Sex Talk

How will my mental illness affect my sex life?

Dr Tlaleng Mofokeng answers your sex questions

20 August 2017 - 00:00 By Dr Tlaleng Mofokeng
Mental illness symptoms can affect one's emotions, thoughts and behaviours.
Mental illness symptoms can affect one's emotions, thoughts and behaviours.
Image: iStock

Q. How can my mental illness and medications affect my sex life?

A. Signs and symptoms of mental illness vary depending on the disorder, circumstances, co-morbidity and other factors. Mental illness symptoms can affect one's emotions, thoughts and behaviours.

Many symptoms, such as feeling disconnected from oneself and your partner, sleep and appetite changes or decline in personal care, significant tiredness, low energy and shifts in feelings and mood may also be part of mental illness and can make existing sexual disorders worse.

Symptoms shared between mental illness and pure sexual dysfunction may include a change in desire, ability to enjoy sex and have an orgasm.

Anti-depressants, anti-anxiety, mood stabilisers and anti-psychotic tablets may cause sexual side-effects in both men and women.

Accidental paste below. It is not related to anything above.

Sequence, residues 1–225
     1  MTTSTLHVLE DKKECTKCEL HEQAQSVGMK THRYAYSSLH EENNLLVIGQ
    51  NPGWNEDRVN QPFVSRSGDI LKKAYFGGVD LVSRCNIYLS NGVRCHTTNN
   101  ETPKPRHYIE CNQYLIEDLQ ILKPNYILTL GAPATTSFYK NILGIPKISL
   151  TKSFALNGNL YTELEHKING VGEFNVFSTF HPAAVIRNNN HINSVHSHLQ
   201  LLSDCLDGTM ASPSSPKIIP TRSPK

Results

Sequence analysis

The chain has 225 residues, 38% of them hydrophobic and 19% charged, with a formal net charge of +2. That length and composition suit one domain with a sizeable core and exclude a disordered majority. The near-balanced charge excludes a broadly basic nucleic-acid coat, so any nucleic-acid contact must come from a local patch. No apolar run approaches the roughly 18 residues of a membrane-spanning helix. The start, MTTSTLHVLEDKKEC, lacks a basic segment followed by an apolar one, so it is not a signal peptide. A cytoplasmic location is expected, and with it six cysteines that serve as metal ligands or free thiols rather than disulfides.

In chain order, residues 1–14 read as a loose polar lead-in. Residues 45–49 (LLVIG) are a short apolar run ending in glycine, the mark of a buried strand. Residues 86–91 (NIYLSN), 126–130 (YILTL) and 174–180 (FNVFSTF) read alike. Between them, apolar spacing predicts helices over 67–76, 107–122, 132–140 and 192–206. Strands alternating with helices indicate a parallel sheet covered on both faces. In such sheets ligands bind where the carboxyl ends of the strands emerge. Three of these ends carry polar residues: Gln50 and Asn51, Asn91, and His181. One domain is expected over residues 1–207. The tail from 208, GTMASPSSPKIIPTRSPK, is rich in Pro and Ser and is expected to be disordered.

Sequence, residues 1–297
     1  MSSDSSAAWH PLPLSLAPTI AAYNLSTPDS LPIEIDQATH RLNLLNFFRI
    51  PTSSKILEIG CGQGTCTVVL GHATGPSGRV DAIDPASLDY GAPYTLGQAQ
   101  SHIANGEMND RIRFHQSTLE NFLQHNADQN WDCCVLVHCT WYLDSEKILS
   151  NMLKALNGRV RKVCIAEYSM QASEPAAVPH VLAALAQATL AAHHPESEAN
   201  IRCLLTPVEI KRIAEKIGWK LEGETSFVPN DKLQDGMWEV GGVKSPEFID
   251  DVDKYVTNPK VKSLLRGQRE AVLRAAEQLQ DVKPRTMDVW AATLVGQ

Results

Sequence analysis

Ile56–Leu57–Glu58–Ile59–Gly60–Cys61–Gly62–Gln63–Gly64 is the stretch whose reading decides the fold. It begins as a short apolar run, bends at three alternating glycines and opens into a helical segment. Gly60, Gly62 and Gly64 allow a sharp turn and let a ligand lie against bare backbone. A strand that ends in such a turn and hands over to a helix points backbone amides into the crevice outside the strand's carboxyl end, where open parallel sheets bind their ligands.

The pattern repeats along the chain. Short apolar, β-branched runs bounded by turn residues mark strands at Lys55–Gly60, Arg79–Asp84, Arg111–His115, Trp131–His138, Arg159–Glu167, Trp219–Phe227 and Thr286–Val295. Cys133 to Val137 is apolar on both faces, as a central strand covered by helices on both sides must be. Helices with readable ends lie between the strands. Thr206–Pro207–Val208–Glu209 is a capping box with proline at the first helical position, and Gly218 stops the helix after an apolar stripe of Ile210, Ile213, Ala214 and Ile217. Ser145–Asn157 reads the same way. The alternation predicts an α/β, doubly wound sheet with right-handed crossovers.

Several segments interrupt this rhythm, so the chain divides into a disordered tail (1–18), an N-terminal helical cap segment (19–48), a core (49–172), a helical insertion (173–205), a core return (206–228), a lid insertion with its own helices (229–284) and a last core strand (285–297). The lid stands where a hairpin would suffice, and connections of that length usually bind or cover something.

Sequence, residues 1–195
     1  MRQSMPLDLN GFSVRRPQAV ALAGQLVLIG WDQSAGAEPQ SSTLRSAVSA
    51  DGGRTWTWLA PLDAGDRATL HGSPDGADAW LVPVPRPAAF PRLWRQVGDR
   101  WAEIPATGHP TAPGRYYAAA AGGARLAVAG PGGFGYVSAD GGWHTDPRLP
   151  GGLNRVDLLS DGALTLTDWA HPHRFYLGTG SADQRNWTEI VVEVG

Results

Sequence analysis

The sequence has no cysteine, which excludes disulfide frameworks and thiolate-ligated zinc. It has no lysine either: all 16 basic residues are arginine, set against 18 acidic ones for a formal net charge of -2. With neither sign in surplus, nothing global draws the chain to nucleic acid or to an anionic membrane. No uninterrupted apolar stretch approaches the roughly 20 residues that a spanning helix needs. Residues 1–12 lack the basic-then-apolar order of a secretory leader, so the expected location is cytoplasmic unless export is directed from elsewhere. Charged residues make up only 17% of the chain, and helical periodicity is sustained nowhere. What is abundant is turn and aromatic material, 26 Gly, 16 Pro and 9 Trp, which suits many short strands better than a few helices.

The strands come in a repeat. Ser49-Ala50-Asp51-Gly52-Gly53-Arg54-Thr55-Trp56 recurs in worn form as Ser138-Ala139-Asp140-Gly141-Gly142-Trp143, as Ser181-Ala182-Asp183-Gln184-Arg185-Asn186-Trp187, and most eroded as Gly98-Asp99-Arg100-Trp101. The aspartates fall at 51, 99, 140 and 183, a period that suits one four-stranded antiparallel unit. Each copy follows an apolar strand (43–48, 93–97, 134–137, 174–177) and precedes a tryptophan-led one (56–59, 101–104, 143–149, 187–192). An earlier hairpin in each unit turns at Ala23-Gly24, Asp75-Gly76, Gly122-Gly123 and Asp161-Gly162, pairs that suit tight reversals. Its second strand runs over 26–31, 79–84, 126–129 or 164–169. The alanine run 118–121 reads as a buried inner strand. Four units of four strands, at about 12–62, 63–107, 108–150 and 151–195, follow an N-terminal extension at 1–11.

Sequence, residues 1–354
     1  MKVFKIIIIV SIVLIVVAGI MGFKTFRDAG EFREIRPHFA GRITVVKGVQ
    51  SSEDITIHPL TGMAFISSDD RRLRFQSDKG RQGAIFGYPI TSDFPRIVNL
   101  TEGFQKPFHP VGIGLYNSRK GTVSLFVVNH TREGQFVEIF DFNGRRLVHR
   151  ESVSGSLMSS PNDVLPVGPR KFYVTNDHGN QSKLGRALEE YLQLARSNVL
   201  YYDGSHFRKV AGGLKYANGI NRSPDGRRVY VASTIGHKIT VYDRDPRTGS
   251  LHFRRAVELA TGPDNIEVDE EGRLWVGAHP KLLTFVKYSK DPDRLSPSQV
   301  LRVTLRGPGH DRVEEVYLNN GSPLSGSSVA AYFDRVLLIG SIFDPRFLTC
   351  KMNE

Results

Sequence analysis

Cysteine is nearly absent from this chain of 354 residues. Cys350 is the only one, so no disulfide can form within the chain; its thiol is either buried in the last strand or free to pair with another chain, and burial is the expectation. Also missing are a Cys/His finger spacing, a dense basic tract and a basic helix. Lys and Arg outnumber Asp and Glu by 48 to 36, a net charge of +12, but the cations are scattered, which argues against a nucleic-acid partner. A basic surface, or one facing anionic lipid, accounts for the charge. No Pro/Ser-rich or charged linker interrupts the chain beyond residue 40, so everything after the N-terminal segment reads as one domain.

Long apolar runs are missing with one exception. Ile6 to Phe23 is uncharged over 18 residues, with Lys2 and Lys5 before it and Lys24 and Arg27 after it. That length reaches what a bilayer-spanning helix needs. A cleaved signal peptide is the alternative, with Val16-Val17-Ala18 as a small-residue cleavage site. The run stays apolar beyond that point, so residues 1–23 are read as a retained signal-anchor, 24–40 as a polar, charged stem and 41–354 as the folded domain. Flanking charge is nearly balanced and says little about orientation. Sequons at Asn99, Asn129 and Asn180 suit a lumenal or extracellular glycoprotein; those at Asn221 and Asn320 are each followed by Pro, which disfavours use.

Sex positivity is the assertion that sexuality and sexual pleasure are fundamentally a part of a healthy lifestyle so it is understandable to want to ensure a healthy sex life even when managing a mental health issue. The severity of sexual symptoms in someone with mental illness and the medication side- effect profile depends on the individual and the medication used.

Depending on your comfort level and openness with your partner you may want to go to sex therapy sessions, alone or together. By changing the "goal of sex" - that is the focus on erections, penetration and orgasms - one may be less anxious and able to experience sensuality and foster a new normal.

Never stop taking medication without discussing it with your doctor. It may be possible to find an effective combination of medications that will reduce sexual side-effects and manage your mental health.

• Dr Tlaleng Mofokeng (MBChB), sexual and reproductive health practice, DISA Clinic, 011-886-2286, visit safersex.co.za.

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